LITTLE FROG MOUNTAIN

RELIANCE, TENNESSEE

RIDE TYPE
Gravel
DISTANCE
46.4 Miles
ASCENT
5876 Feet
COURSE
Loop
TERRAIN
Mountains
SETTING
Forest

Paved start and end sectors bookend 38 miles of uninterrupted gravel fun near Reliance, Tennessee. This is classic Appalachian Mountain gravel and includes a 450 foot cable suspended bridge over the Hiawassee River and a place known as Jenkins Grave Gap.

The Little Frog Mountain route is located between the Hiawassee River to the north and the Ocoee River to the South. Dots on the map with names such as Turtletown and Archville sit to either side. Most maps show the area between as a big green blob or simply empty space. Gravel cyclists know that empty spaces typically mean great gravel routes. In this case they are spot on.

This is a loop route started near the town of Reliance on the Hiawassee River. The word “Town” is used loosely. The route warms up on pavement, crosses the river and then goes up. Apart from the bridge, highlights include:

  • The route enters a gorge approaching mile 11. The Hiawassee River can be heard crashing far below as sheer cliffs tower above the shelf road. This is an amazing place. Take the time to stop and look around.
  • At mile 11.6 you will start a long climb which tops out near the summit of Little Frog Mountain at mile 23. This is the highest point on the route at approximately 3000 ft elevation.
  • A little further past the summit is Jenkin’s Grave Gap, so named after a 19th century mail carrier’s untimely demise.

According to Presswood’s account, Jenkins was en route from the Greasy Creek post office, established in 1848, to Ducktown across an old American Indian trail running over Little Frog Mountain. Jenkins vanished as snow began to fall. His frozen body was found in a high gap on Little Frog Mountain now known as Jenkins Grave Gap, she said. His grave is marked by a crude native stone at the spot his body was found.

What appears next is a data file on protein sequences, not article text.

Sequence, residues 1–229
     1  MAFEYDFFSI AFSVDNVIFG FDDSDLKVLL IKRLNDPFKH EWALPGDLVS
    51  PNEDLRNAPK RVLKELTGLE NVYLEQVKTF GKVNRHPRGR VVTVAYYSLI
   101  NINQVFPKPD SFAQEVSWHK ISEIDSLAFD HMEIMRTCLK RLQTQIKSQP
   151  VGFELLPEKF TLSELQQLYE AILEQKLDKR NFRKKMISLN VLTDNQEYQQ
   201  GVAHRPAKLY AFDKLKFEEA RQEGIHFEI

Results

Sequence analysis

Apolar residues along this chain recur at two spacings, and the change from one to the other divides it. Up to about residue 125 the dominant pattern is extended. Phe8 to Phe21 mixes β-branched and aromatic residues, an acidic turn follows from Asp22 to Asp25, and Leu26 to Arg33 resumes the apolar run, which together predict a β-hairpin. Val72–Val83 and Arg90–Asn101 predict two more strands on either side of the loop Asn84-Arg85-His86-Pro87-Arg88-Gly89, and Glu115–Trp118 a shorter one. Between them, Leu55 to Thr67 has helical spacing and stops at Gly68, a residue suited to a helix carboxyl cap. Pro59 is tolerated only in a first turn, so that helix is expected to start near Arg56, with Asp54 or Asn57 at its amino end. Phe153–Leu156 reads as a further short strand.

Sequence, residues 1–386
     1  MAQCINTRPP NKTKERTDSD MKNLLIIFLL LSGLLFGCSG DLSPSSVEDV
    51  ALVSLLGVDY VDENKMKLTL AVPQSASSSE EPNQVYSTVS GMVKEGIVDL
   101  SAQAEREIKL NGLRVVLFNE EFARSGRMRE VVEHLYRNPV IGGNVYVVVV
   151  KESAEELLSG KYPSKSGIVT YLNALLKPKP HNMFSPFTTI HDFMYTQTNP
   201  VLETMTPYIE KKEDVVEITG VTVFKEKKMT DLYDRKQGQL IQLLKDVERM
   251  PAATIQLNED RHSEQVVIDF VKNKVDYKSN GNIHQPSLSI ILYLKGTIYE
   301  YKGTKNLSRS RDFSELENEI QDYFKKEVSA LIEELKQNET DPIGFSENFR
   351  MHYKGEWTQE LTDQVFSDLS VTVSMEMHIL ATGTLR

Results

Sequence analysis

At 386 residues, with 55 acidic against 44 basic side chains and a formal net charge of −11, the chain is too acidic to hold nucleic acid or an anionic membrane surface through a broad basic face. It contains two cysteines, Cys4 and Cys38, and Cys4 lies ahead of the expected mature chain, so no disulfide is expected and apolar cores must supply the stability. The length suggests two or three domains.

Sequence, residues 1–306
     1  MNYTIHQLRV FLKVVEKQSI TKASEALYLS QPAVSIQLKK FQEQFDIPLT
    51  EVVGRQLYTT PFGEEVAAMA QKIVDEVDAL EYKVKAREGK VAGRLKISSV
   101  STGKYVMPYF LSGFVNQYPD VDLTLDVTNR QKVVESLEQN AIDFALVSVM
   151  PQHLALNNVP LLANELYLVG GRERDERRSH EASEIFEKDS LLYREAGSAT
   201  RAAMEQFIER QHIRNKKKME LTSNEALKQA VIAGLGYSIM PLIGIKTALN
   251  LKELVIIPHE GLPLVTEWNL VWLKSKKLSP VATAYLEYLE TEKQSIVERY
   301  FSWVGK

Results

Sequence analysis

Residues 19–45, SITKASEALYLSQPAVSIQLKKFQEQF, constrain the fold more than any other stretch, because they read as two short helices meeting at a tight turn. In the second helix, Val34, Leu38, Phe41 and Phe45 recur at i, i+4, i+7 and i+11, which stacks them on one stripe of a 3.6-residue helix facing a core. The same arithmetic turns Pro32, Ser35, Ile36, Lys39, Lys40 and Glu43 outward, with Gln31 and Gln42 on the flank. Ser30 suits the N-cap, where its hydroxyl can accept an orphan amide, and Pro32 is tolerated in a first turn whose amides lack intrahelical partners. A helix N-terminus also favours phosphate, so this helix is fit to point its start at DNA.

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Gravel quality is excellent by southern Appalaichian standards, which is to say, not too chunky. The base is hardpacked and roads seem to drain well when it rains. Roads also dry quickly in spite of the tree cover. Speaking of tree cover, the forest is dense so don’t expect mountaintop vistas. Such is the case through most of the south, unless the name of a place ends in “Bald”, in which case a view still isn’t guaranteed.

The Little Frog Mountain route averages 105 feet/mile climbing which isn’t out of the ordinary for Appalachian gravel routes. Much of that climbing is steep so bring low gears.

Other than the gravel itself, there is no civilization from mile 5 through mile 44. The area is remote and a portion of the route doesn’t even exist on some maps. The unnamed road from mile 28 to mile 32.5 is only indicated on the ESRI and USGS topo maps. The ESRI version is inaccurate but the US Geologic Survey maps seem to agree with GPS tracks from actual rides. The bottom line is that this section of road exists. It has been ridden. With all due respect to the late Mr. Jenkins, follow the line on your GPS and you’ll be fine.

  • Gnats can be a problem in summer through late fall. These are the biting kind more akin to angry mosquitos or black flies. Scientists tell us that this is an unintended consequence of cleaner rivers and streams but all the same, consider bug repellent.
  • Water sources are plentiful throughout the forest, except along ridges at higher elevation and during times of drought. It is always best to filter before a big climb.
  • You will be without cell reception for much of the route.
  • Alternate parking may be available at the Big Bend Recreation area along Powerhouse Road, located at mile 3 on the route map. Even more parking is available further along Powerhouse Road.
  • The only store on the route is Reliance Fly & Tackle located at mile 2 on the route. Self sufficiency will be required on this route.
  • The nearest towns with services are Ducktown to the southeast and Etowah or Benton to the west. Etowah and Benton will be easier to reach from the start location.

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